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Project Practitioners > Rock Stars as BAs?

Rock Stars as BAs?

By Patti Gilchrist
Many times we hear managers say they need a “rock star” for their project, meaning they want a talented and extraordinary performer, capable of impressing the key stakeholder crowd, by consistently delivering top quality, phenomenal results under stress and in high profile situations.

And as much as companies and projects could benefit from a rock star's creativity, drive and ability to inspire, do we really want rock stars to write our business requirements? What would happen if we had real life rock stars as Business Analysts (BAs) on our technology projects?

Consider legendary rock star Keith Richards' philosophy for writing rock lyrics.
"I look for ambiguity when I'm writing because life is ambiguous."
Although Keith's attitude has ultimately proven to be successful for writing creative and inspired rock lyrics for 6 decades, an ambiguous writing style does not convey well for technical project delivery. In fact, unclear and ambiguous requirements are a common cause of project failure:

Requirements must be clear and unambiguous, leaving no room for interpretation, and all assumptions must be well documented. Remember, requirements aren't a work of art or rock lyrics, open for interpretation. Requirements are critical components necessary to drive the success of your key initiatives. Thus, it is crucial to craft high-quality, clear requirements.

So how do we achieve high-quality project requirements?

According to the Project Management Institute (PMI) Voices on Project Management article Craft "High-Quality" Requirements, the following guidelines should be followed in order to collect high-quality project requirements and ultimately position your project for success.

  • PMI recommends that all requirements should have a use case. Use cases clarity context and purpose.
  • PMI offers the following advice on the language of requirements:
    • Avoid ambiguous words; do not leave room for interpretation.
    • Use terms consistently. And consider providing a glossary of terms to further common understanding.
    • Be concrete. Do not use words that are subjective (such as simple, easy, fast).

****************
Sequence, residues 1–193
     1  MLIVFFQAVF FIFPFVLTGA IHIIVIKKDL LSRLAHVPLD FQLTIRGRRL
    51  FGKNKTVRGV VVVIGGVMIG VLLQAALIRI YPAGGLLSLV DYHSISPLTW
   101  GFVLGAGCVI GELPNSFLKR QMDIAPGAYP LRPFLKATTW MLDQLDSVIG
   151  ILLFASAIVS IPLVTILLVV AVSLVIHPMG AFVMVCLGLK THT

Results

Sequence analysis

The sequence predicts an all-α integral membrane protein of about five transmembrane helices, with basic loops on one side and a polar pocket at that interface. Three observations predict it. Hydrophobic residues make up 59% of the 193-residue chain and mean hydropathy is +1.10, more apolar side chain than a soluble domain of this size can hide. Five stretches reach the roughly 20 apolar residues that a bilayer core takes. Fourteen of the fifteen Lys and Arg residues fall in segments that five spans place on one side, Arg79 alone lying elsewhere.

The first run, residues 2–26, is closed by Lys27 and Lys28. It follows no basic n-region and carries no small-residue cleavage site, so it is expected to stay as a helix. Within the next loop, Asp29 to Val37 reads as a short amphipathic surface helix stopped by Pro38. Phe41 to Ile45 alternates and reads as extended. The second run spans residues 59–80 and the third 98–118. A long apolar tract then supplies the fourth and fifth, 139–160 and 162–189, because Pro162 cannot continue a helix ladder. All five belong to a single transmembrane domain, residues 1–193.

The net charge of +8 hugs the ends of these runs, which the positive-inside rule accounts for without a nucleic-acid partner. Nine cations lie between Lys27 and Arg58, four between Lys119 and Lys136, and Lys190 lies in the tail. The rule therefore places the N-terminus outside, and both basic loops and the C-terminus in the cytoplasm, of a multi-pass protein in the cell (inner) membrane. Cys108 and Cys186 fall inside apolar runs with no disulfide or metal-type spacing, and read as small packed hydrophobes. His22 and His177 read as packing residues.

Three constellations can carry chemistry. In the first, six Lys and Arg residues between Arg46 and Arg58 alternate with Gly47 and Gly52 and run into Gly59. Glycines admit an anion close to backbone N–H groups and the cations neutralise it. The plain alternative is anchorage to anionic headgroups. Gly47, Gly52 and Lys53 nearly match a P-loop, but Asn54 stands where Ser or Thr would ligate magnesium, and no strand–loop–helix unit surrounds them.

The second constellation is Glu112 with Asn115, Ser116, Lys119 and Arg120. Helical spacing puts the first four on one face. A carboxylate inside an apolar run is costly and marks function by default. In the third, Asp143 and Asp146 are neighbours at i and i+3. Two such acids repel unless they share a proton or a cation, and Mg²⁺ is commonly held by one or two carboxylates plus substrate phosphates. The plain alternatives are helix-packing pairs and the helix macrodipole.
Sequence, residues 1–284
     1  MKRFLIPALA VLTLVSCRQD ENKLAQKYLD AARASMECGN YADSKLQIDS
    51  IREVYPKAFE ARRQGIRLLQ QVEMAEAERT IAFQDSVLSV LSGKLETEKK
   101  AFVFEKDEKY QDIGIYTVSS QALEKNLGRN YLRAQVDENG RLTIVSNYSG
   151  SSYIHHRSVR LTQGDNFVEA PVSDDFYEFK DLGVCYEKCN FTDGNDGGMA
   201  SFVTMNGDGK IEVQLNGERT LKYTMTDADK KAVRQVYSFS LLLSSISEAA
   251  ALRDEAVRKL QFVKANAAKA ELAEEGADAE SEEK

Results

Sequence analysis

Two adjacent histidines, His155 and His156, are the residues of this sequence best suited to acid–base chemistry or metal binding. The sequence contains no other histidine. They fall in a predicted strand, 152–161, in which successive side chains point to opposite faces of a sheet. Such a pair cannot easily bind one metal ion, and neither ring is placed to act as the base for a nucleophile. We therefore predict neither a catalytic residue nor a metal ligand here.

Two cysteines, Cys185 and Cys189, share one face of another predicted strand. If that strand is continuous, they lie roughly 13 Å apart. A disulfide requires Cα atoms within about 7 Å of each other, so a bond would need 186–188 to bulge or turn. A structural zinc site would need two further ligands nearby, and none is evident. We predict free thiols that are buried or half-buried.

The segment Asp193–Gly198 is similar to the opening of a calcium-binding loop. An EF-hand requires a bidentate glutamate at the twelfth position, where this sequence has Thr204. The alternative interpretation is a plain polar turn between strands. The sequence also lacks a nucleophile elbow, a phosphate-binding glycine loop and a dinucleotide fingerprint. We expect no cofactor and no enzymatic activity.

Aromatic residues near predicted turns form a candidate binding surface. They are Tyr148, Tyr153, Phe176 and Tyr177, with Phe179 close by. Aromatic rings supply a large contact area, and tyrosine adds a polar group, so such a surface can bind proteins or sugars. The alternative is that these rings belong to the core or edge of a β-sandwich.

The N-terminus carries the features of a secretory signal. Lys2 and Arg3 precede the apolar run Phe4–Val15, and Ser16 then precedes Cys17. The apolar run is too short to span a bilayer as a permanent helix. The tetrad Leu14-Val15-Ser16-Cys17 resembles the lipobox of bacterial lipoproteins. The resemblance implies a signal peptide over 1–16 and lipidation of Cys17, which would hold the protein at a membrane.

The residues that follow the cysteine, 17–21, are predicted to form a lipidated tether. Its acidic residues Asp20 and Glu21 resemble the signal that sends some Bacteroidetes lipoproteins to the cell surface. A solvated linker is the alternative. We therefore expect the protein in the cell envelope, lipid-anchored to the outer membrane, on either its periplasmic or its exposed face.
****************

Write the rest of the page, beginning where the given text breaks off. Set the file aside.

• PMI recommends having a Requirements Characteristics checklist that is relevant to your project's quality standards.

    The article provides the following 10 characteristics to assess the quality of each of your project's requirements:
    • Atomic: Is this one requirement? Or is it several requirements in one?
    • Complete: Is there enough detail to start the work?
    • Traceable: Is this related to a need (i.e., a use-case)?
    • Logical and Clear: Is it understandable? Is it unclear or ambiguous? Could it be misinterpreted?
    • Consistent: Does it relate or link to the project objectives?
    • Measurable: Can it be measured?
    • Compliant: Does it support the existing product features? Does it align to system architecture? Is it acceptable within legal framework?
    • Feasible: Is this realistic and achievable?
    • Necessary: Is this really required? Or is it more of a want than a need?
    • Prioritized: What is the priority? How critical/urgent is it?

For full article, see http://blogs.pmi.org/blog/voices_on_project_management/2012/04/craft-high-quality-requirement.html.

So leave the ambiguous and unclear writing style to the rock stars. Instead focus on writing clear and unambiguous business requirements for your projects, and although you may not be a rock star in real life, your company, customers, and peers may start to think of you as one.



Comments
Not all comments are posted. Posted comments are subject to editing for clarity and length.

This reminds me of 2 of my favorite requirements:

1) Fix the problem
2) The solution needs to work

I concur with the above, ensuring that everyone has the same picture in their mind is what is required to create minimum waste.


Patti,
Thanks for reinforcing the need for clarity when describing what a project needs to accomplish. The list of characteristics you mention are all good ways to gauge if you are properly describing the problem and conditions of a potential solution.

One thing I'd like to quibble with, and that's the thought that all requirements should have a use case. I agree that all requirements should have a clear tie to context and purpose, the only problem is that a use case, if you are talking about the requirements artifact of that name, is not always the best means of describing that clarity and purpose. Not all requirements surround an actor/system interaction which the use case is intended to describe.

I'd also like to remind everyone that another excellent source on all things Business Analysis is the International Institute of Business Analysis (iiba.org)


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